LEMKE, WILLIAM (1878-1950)
William Lemke, North Dakota politician and unsuccessful third-party presidential candidate, was born in Stearns County, Minnesota, on August 13, 1878. His family moved to Towner County, North Dakota, in 1883. He graduated from the University of North Dakota in 1902, earned a law degree at Yale University in 1905, and returned to Fargo to practice law. In 1915 Lemke became legal adviser to the Nonpartisan League and played an instrumental role in the League's dominance of North Dakota politics. He was elected attorney general of North Dakota in 1920 but was recalled a year later.
In 1932 Lemke was elected to the House of Representatives as a Republican, although he supported Democrat Franklin D. Roosevelt. After Roosevelt refused to support Lemke's proposals for farm mortgage refinancing and bankruptcy, Lemke broke with the president. Backed by a coalition of Roosevelt's opponents, including Father Charles Coughlin, Dr. Francis Townsend, and supporters of the recently assassinated Huey Long, Lemke ran for president in 1936 as the candidate of the Union Party. Lemke hoped to win enough votes to force the election into the House of Representatives, but he won fewer than a million votes.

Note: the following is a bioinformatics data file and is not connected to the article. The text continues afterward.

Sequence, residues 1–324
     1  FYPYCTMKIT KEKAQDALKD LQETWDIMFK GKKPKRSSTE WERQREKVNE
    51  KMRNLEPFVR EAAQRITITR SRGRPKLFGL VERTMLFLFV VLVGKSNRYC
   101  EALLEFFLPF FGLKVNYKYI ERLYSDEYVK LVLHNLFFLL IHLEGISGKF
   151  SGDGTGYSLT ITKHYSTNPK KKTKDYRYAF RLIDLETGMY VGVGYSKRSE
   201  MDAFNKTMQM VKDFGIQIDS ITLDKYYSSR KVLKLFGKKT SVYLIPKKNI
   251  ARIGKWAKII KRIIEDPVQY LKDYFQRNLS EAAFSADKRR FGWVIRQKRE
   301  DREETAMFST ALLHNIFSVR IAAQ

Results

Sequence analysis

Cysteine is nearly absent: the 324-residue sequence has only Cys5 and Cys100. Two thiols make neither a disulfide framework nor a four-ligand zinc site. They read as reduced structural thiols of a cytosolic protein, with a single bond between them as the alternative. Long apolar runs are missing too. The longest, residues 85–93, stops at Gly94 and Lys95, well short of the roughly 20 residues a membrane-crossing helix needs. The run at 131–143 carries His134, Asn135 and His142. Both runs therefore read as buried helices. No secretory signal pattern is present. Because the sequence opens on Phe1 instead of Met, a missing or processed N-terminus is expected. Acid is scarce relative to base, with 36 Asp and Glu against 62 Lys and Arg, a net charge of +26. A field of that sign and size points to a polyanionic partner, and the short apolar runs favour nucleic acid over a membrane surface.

After his defeat, Lemke resumed his House career. He ran unsuccessfully for the Senate in 1940 but returned to the House in 1942, where he remained until his death in Fargo on May 30, 1950. During his later years in Congress he emphasized natural resources, and he played an instrumental role in establishing the Theodore Roosevelt National Park in North Dakota's badlands.
See also PROTEST AND DISSENT: Nonpartisan League.
Fred M. Shelley Southwest Texas State University
Blackorby, Edward C. Prairie Rebel: The Public Life of William Lemke. Lincoln: University of Nebraska Press, 1963.